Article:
1. Forum
  2. >
  3. Topic: Latin
  4. >
  5. "I do not learn Latin."

"I do not learn Latin."

Translation:Linguam Latinam non disco.

August 30, 2019



Hearing the word disco (as in music) will never be the same. :D


I wondered too. I said to myself: "It's never going to be DISCO here". Now i see my mistake...


I think "Latinam Linguam" shoud also work, evenif "Linguam Latinam" is normally used.


Yes. The word order is only really changed for stylistic reasons. Latinam linguam is just as correct


It's also changed for emphasis/focus reasons.


Incorrect. With more complex sentences you will see why this is the case.


In this language: incorrect syntax.


"Latinam linguam non disco" is perfectly valid Latin. Placing "Latinam" first merely emphasises that word. I think a Roman would have understood that sentence to mean, "I do not learn the Latin language", i.e. as opposed to any other language. But it is still a grammatical sentence.

People are often confused about Latin word order. They think that just because there are very few hard and fast rules about where to place the words, it means that word order is random. It isn't!


When are we supposed to use -am?


Linguam is the accusative - you use the -am when 'language' is the direct object of a verb i.e. when a subject does something (verb) to the object. In this case I am the subject and the thing I do to language is not learn it.


OK, and this makes sense, but why is dative used here? https://forum.duolingo.com/comment/34122635


Is the 'linguam' really necessary in real sentences?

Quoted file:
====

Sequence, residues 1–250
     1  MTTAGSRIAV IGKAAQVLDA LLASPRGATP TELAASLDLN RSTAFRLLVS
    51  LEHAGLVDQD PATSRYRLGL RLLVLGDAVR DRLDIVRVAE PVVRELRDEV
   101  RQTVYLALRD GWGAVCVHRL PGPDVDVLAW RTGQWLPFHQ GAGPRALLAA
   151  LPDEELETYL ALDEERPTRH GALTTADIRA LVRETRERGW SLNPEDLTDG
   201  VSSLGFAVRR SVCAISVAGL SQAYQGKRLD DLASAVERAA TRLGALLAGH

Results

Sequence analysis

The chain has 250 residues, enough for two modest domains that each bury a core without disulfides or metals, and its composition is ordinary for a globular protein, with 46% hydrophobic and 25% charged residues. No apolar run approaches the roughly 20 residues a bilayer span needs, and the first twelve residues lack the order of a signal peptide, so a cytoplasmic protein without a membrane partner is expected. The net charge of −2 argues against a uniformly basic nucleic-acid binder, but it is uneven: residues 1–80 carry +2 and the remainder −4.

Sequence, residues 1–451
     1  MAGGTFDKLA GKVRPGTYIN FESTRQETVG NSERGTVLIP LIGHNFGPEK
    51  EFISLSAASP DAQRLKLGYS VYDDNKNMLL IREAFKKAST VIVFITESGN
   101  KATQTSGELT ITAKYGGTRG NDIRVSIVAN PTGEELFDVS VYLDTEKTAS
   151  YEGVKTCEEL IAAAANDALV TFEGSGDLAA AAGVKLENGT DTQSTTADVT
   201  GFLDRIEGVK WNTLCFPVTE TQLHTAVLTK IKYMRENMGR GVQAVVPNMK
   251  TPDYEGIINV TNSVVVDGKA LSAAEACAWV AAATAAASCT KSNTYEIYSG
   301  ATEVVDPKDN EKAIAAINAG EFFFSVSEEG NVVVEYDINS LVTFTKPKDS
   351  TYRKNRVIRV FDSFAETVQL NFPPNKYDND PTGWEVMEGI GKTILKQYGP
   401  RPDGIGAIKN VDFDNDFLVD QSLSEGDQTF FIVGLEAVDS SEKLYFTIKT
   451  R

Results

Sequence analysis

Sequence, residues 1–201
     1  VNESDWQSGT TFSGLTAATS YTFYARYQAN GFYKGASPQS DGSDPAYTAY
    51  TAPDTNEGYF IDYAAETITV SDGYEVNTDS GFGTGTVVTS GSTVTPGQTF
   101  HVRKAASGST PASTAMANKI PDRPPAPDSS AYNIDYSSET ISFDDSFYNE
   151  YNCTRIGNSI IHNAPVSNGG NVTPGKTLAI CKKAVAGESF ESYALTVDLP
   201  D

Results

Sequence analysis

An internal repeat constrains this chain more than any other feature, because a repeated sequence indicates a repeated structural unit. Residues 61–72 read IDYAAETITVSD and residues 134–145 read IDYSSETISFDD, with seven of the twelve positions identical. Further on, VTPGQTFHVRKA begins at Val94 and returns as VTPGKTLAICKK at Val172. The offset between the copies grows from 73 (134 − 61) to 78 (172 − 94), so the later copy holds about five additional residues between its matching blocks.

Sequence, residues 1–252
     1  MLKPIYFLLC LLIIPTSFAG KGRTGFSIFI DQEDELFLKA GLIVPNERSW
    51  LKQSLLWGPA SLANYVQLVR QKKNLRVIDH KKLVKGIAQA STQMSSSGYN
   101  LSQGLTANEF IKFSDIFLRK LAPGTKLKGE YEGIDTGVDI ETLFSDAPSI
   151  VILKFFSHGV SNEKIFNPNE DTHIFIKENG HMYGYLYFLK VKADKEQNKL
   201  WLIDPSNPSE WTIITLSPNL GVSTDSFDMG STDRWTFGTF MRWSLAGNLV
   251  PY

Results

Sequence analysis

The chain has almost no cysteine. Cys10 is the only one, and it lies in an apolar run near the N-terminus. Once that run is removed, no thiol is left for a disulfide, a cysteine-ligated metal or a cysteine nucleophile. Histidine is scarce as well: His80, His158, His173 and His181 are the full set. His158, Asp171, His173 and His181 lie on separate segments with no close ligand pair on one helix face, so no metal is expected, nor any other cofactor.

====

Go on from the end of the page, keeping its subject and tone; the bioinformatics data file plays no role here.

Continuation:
Yes. As far as I remember, there is actually no word for 'the Latin language' in Latin. Latinus,-a,-um is an adjective so it needs to go with the noun 'lingua'. It is also sometimes used by itself to speak of the 'Latins' i.e, the ancient Italian ethnic group. You can, however, use the word 'Latine' which is indeclinable and always means 'in Latin', i.e. 'possum loqui Latine' meaning, 'I can speak in Latin'.


You can say "linguam latinam", "sermonem latinum", or simply "latinum", but not "latinam".


I'm sorry... What? I am learning Latin...


I think this is the single sentence in the course we'll never have to use

I mean the drunk parrots might be useful...


It accepted my sentence, "Lingua latina no disco," but I'm surprised. I have a typo? Oh well, thank you Duolingo for being tolerant!


You shouldn't thank Duolingo for being so tolerant if you want to learn correct Latin.


I agree - Duolingo's 'typo' passes in inflected languages like Latin allows learners to ossify mistakes, which is about the worst thing that can happen to a language learner.


But sadly, the course contributors can't change it, it's at the level of the software engineers. The Latin course team complained about that I read, but now it's in the hand of the dev team.


Me too. I can't quite get my head around the different endings.


I am hoping by writing them down I'll eventually internalize them. It's working so far.


why not linguae latinae


I wondered that too. I thought you were supposed to use the dative with "discere".


you use the dative with "studere", and the accusative with "discere". At least that's how the course teaches.


Which sicko doesn’t want to learn Latin?

Learn Latin in just 5 minutes a day. For free.